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LIKES Evolved stylingStandard automatic emergency brakingAvailable all-wheel driveSmart Sport suspension tuningSupple, supportive seatsDISLIKES Small third rowToo far from Escalade in looks?Lacks SuperCruise, at least for nowBUYING TIP The 2020 Cadillac XT6 makes more sense in Premium Luxury trim, but we’d be lying if we said we didn’t prefer the XT6 Sport’s handling.

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Fifty Shades Freed Review

Fifty Shades Freed Review

Bad Romance

Seeing characters tied up on screen is one thing, but when the experience of watching a film starts to actually feel like a sadomasochistic exercise in endurance between director and viewer, you know something has gone a little wrong. And that's exactly the effect that James Foley's "Fifty Shades Freed" has. Based on the best-selling book by E. L. James, the movie mercifully marks the end of the embarrassingly bad Fifty Shades trilogy, finally unlocking the cuffs on audience members across the country.


Following their engagement in the last flick, Anastasia (Dakota Johnson, "How to Be Single") and Christian (Jamie Dornan, The Fall) tie the knot, hop on a private jet, and head off to a lavish honeymoon vacation. But while enjoying the consummation of their marriage (over and over again), a dangerous man from their past, Jack Hyde (Eric Johnson, The Knick), remerges to cause trouble for the newlyweds. As Hyde schemes against the couple, the two attempt to thwart his plans, overcome their growing relationship woes, and have lots of sex -- usually all at the same time.    


The first two Fifty Shades flicks are not very good. Actually, they're absolutely horrendous. The second, in particular, is almost inexplicably absurd in its disregard for plot progression and notable drama. Sadly, those hoping for some kind of improvement here will be sorely disappointed. This thing is every bit as bad as the previous installments. Hell, it might even be worse.

After three films together, one might expect the two main characters to, you know, actually know a thing or two about each other. Especially since they're now married. Instead, however, Ana seems to be continually discovering really important facts about her husband for the very first time. Facts like, he doesn't want to have children. Seems like a conversation you might want to have before saying "I do," doesn't it?

Likewise, she almost seems surprised when her overbearing control-freak of a spouse continues to act like, well, an overbearing control freak. Did she not see the first two films? I guess I can't blame her. On the plus side, Dakota Johnson is at least able to inject some off-beat personality into the paper thin role. Unfortunately, the same can't be said about poor Jamie Dornan. Don't get me wrong, I don't actually blame the actor here as he has next to nothing to work with, but Christian comes across as little more than a domineering sex robot in relaxed fit jeans. Dark and brooding is all good and well if there's something of substance beneath the mystery. But when there's nothing, it's just kind of creepy.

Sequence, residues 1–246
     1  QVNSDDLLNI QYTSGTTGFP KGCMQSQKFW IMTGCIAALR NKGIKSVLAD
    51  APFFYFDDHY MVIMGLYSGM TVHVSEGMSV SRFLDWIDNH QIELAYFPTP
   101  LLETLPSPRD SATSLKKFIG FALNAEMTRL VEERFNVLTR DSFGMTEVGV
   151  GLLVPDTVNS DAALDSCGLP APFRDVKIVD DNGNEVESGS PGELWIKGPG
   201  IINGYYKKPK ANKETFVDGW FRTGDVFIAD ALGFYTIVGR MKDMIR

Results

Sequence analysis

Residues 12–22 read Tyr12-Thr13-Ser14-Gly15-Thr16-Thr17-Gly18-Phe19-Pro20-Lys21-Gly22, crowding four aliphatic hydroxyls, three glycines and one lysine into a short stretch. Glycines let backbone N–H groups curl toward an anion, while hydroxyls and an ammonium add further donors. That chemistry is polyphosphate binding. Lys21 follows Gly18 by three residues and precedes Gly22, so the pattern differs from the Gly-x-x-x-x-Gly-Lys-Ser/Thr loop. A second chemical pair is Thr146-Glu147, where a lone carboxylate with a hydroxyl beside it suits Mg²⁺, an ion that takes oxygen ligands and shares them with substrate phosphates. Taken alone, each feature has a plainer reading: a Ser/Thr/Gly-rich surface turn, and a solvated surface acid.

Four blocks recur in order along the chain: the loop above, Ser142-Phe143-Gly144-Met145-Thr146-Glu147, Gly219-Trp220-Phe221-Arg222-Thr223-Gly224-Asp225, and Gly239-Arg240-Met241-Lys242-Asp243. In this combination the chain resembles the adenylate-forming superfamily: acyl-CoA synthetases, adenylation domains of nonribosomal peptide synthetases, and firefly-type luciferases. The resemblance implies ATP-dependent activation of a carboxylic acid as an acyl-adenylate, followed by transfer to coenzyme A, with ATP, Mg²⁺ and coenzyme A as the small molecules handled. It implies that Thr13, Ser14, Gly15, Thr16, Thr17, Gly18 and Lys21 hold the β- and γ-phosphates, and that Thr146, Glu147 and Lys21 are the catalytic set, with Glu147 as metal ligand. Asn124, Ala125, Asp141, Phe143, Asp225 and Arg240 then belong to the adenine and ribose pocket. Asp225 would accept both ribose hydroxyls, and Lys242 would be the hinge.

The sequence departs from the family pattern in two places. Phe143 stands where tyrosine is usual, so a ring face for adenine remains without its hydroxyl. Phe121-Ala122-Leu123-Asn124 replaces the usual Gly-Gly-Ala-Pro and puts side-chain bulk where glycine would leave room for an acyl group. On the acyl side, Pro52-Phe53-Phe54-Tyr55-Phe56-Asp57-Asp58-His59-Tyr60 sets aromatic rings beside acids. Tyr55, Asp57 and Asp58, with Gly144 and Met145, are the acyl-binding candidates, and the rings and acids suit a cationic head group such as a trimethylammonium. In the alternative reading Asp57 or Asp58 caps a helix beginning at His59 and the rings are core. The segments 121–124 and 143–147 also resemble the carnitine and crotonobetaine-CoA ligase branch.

And then there's the "plot." The film's silly excuse for a narrative is essentially a clunky assemblage of disjointed sequences that repeatedly see the couple enjoy their lavish lifestyle, briefly fight about something, and then have sex. Whenever an actual potential conflict is introduced, like jealousy over a hunky writer or a sexy architect, it's almost always immediately resolved or forgotten about by the next scene.  The same is true for the script's ridiculous detours into suspense, as Jack Hyde proves to be one of the most hilariously easy to overcome villains ever.

Of course, the Fifty Shades series is not exactly known for its complex characterizations or intricate storytelling. It's known for its sweet, sweet lovemaking... while in chains. And on that front, fans of the franchise will get plenty of slowly drifting close-ups focused on chiseled pecs, bare breasts, and tight buns as we hear the two leads moan and groan. BDSM elements once again come into play, but the scenes mostly all come across as simple retreads of similar sequences from the previous movies.


To be fair, I'm probably pretty far from the intended target audience for this movie, and I'm sure those who enjoyed the first two films will find plenty to like here. For everyone else, though, this is a laughably bad attempt at filmmaking. The key word there, however, is laughably, and I'd be lying if I said I didn't get some level of amusement from the flick here and there. I just don't think it was the kind that the director intended.

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